What day of the week is Jan 1st 1,000,000AD ?

Discussion in 'Computer Support' started by Trevor Smith, Nov 4, 2003.

  1. Trevor Smith

    Trevor Smith Guest

    Insomniacs have some strange thoughts at 4am; at least I did, this
    morning...

    Ok, you *can* just extrapolate the Gregorian calendar - but that isn't
    completely accurate and will probably be superseded by something more
    accurate in the next million years! A little research shows that the USSR
    actually had a more accurate calendar than the Gregorian (which would only
    make a difference over 1000's of years) and of course astronomers keep
    adding in 'leap seconds' now and then, to allow for variations in the speed
    of rotation of the Earth (better known as a 'day'!) - but they'd mount up
    over a million years, wouldn't they.

    Assuming an 'accurate' calendar (which I define as one which keeps the
    winter solstice for the Northern hemisphere in December in perpetuity) is
    adopted within the next 1000 years, what day of the week IS Jan 1st
    1,000,000AD? Does the question even have a meaning?

    Trevor.

    PS at least I didn't ask a *difficult* question like "what day of the week
    was Jan 1st 1,000,000 BCE ?!!
     
    Trevor Smith, Nov 4, 2003
    #1
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  2. On Tue, 04 Nov 2003 22:02:24 GMT in 24hoursupport.helpdesk, my mind boggled
    at the following statement by Trevor Smith in message

    snip
    Somehow I doubt that the succesors to the human race, which in all
    likelihood will probably be cockroaches, will really care what day of the
    week January 1st is in 1,000,000 A.D. :)


    --
    The Old Sourdough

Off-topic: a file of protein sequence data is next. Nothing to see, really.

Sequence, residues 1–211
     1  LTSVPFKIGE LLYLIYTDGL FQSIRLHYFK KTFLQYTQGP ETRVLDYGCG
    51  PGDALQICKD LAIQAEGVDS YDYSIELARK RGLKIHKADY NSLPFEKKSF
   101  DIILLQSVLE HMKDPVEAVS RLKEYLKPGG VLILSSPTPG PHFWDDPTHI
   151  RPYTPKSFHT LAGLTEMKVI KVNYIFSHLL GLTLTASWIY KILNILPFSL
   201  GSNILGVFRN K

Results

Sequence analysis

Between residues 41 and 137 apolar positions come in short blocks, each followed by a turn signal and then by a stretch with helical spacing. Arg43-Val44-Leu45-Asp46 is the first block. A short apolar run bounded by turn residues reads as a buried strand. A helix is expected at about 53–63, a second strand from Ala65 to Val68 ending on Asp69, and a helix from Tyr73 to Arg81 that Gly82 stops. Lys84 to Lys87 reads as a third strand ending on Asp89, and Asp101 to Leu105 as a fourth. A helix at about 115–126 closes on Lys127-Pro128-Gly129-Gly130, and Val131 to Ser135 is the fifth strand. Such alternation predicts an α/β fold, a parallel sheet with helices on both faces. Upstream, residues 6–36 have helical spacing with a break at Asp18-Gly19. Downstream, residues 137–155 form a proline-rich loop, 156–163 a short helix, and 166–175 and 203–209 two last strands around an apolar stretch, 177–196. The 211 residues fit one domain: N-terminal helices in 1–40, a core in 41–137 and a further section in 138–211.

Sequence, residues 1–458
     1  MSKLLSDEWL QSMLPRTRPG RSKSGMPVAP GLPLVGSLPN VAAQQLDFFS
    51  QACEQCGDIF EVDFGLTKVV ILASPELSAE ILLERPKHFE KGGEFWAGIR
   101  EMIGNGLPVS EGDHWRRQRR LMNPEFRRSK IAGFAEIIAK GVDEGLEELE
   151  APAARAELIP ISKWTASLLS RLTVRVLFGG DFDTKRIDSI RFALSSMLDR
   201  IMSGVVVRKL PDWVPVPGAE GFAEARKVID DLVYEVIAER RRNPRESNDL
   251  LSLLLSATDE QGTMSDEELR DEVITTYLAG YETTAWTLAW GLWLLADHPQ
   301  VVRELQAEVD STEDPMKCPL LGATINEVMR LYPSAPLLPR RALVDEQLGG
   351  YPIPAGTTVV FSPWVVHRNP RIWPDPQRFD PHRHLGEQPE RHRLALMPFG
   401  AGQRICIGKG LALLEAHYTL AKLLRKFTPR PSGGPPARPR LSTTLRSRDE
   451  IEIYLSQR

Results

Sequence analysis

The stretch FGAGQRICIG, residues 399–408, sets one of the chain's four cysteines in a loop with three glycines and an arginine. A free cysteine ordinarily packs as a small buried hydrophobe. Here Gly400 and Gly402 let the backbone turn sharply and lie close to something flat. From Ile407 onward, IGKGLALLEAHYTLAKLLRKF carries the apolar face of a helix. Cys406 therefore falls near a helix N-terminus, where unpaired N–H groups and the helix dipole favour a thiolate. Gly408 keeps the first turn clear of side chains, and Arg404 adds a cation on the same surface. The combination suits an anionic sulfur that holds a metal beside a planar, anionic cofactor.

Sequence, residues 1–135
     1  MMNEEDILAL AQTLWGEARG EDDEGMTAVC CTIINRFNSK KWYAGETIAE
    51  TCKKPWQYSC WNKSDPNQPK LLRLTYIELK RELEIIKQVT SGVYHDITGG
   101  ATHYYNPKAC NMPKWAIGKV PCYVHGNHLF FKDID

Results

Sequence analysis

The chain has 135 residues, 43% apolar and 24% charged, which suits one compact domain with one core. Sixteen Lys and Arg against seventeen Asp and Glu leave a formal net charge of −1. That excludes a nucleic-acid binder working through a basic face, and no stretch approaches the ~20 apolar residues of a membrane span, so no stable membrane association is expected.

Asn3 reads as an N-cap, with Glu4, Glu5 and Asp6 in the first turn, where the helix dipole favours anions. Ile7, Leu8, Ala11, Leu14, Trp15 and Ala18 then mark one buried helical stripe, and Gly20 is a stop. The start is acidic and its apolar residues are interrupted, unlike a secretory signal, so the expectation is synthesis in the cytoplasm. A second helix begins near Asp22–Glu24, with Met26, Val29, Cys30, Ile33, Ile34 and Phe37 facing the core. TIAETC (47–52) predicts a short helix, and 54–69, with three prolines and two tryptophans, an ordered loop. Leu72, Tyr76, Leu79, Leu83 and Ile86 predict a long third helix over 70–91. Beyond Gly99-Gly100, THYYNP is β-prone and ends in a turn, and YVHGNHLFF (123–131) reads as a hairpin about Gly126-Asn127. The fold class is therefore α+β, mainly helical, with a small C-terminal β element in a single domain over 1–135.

No of SETI units returned: 2280
    Processing time: 4 years, 169 days, 7 hours.
    (Total hours: 39103)
    www.setiathome.ssl.berkeley.edu
     
    The Old Sourdough, Nov 4, 2003
    #2
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  3. Trevor Smith

    Trevor Smith Guest

    Good answer - philosophical - along the lines of 'does a falling tree in
    the middle of the wood make a sound, if there's no-one round to hear it'.
    But perhaps a highly evolved descendant cockroach archaeologist might ask
    the question?

    Trevor
     
    Trevor Smith, Nov 4, 2003
    #3
  4. Trevor Smith

    trout Guest

    Trevor Smith wrote:

    "troutday". To be universally adopted in May, 2024 as the correct
    designation for *every* day of the week; following my successful
    campaign for Planetary Despot.
    Prepare now for a viciously better Tomorrow.
     
    trout, Nov 4, 2003
    #4
  5. Trevor Smith

    Ralph Mann Guest

    Trevor Smith said:
    1,000,000 x 365 days, plus 250,000 days, minus 365 days, divide the total by 7

    if the resulting number ends with the following fractions :-
    ..142857142 = Monday
    ..285714285 = Tuesday
    ..428571428 = Wednesday
    ..571428571 = Thursday
    ..714285714 = Friday
    ..857142857 = Saturday
    ..0 = Sunday
     
    Ralph Mann, Nov 4, 2003
    #5
  6. Trevor Smith

    Ralph Mann Guest

    Ralph Mann said:
    Sorry, that should be minus 366 days.
     
    Ralph Mann, Nov 4, 2003
    #6
  7. Trevor Smith